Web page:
This story was originally published on CycleWorld.com
Let’s face it, we all would prefer to spend our hard-earned cash on gas money and great food, so we’ve come up with a list of items that can make your riding experience a little better for under $40. We’ve included some of our favorite backup plans for hauling stuff on our bikes as well as some items like battery chargers and tank bags that are surprisingly inexpensive.
A tire pressure gauge is one of the most important tools you can keep around. As you know, tire pressure is the easiest variable to control when it comes to managing the handling capabilities of your motorcycle. This applies to dirt and street, so pay attention. Every owner’s manual states that we should check tire pressure before every ride, but few folks actually follow this golden rule. While we prefer a high-end oil-filled analog gauge, these cheap digital gauges will get you in the ballpark without breaking the bank.
This handy gadget connects to the quick-disconnect plug of your existing Battery Tender that you already have mounted to your bike’s battery. If you don’t have one already in place, then just know that you should. This handy USB plug makes charging your phone or any other USB-equipped electronic device very easy.
These are the modern version of the bungee net. These multipurpose elastic bandsare equipped with a buckle and are rated up to 110 pounds. Sold in pairs, they are an excellent way to expand your bike’s carrying capacity for under 20 bucks.
This inexpensive kit comes with its own carry bag to make it easy to transport and convenient to access. A dirty visor or goggles are a real eyesore. They inhibit your ability to read the road ahead and look terrible in your GoPro footage. No matter if it’s bug juice, dust, or ocean mist the Muc-Off cleaner is strong enough to get the job done. The soft cloth helps reduce the chance of scratching your visor gear but it still requires you use your head. It’s important to try to wash the big stuff off with a liberal amount of spray before you start scrubbing on it.
Phone/GPS mounts are more and more popular these days, so knowing which styles and brands are worth the money is a big deal. The Ram Mount X-Grip ($29) holderhas been used to secure laptops in side-by-sides, phones on ADV bikes, and GPS on dual-sports. The design is so simple it doesn’t seem it could possibly work this well, but it does. It’s light, sturdy, and they can hold a device in place through some pretty gnarly conditions.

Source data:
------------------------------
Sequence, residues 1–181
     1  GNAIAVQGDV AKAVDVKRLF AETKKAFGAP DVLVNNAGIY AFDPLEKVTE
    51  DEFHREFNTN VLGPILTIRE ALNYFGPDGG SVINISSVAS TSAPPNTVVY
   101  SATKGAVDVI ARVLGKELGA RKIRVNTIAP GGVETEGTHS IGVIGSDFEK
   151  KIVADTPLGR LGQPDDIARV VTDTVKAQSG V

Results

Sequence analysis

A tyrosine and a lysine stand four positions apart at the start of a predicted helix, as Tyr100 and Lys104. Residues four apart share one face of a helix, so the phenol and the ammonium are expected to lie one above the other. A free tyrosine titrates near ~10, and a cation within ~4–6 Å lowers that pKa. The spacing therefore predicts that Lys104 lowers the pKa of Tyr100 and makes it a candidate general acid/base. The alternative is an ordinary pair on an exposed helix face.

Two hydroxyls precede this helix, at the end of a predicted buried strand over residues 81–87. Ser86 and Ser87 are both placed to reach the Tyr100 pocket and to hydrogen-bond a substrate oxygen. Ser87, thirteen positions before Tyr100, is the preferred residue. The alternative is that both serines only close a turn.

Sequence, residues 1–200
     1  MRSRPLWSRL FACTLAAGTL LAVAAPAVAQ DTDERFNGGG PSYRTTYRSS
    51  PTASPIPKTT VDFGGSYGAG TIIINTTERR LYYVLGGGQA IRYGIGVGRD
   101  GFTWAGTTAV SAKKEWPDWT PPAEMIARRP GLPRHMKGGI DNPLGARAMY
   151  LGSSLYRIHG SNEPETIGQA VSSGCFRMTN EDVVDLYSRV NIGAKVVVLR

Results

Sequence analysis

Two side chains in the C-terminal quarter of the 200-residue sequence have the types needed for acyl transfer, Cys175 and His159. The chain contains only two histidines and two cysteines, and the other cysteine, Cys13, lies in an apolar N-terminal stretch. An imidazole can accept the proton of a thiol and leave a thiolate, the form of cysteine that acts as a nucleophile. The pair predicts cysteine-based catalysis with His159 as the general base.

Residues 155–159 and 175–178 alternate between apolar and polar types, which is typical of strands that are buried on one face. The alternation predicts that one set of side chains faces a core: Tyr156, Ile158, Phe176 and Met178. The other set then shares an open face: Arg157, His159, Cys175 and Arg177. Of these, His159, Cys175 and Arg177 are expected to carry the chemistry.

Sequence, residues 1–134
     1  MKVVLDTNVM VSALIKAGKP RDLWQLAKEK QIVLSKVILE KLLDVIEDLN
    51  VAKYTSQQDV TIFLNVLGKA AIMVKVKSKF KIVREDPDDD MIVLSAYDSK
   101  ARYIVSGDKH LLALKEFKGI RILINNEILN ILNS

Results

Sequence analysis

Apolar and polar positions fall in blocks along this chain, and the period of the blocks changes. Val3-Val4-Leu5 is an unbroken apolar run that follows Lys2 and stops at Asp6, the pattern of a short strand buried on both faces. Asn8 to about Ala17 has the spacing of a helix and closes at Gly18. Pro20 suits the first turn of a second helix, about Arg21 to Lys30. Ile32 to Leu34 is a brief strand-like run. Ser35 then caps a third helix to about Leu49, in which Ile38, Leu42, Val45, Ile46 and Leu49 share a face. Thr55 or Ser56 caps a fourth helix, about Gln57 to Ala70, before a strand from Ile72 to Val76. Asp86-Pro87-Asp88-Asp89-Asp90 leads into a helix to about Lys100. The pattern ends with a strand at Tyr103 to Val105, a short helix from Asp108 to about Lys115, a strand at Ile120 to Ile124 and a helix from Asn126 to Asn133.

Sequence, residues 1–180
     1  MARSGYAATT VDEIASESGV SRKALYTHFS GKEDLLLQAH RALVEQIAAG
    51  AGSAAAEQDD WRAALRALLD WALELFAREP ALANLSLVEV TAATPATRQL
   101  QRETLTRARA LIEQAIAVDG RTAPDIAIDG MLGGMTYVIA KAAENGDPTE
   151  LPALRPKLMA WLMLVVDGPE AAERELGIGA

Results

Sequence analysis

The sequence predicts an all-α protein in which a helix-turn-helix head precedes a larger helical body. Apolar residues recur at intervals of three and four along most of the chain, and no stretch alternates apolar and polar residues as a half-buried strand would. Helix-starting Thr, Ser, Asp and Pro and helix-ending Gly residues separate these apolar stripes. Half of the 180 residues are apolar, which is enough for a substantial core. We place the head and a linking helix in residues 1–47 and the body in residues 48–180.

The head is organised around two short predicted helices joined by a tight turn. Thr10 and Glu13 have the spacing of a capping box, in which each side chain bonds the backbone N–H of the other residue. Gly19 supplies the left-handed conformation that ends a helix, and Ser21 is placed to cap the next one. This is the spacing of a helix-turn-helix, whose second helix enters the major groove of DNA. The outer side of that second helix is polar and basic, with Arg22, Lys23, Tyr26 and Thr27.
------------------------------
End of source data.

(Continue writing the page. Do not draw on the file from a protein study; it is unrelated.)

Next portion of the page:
This backpack can easily be overlooked because it packs into a pouch that fits in the palm of your hand. It’s lightweight and, although NR says it can handle almost anything you stuff into it, the CB-PK30 may not be optimal for hauling sharp, heavy stuff around the woods. It will however serve the purpose of being stashed somewhere on your bike until the time presents itself to haul extra clothes, groceries, or other important items.
This air chuck has a swivel head that allows you to get to the most difficult-to-reach valve stems when you need to inflate your tires. It adapts to most common air-hose couplings but, unfortunately, it’s not a universal-fit item. This chuck is designed to be part of your shop tool kit. Just about every product from Motion Pro has made life easier for motorcyclists, without question, and we have found this one makes a lot of sense. We are surprised nobody else thought of this before.
At one point in my riding career the bungee net was the single most important piece of equipment I had. There was always at least one strapped across the passenger seat or gas tank just in case I needed to bring a spare helmet, buy groceries or any other number of random reasons. The point is, these are still one of the cheapest, most useful items a motorcycle rider has at their disposal.
The tried and true Battery Tender lineup has seen some stiff competition from the new NOCO line of battery chargers. The NOCO Genius G750 ($40) is compact and it gets the job done, but it is difficult to move away from the proven Battery Tender Junior ($40) and all of its simplicity.
Article was written by www.utvguide.net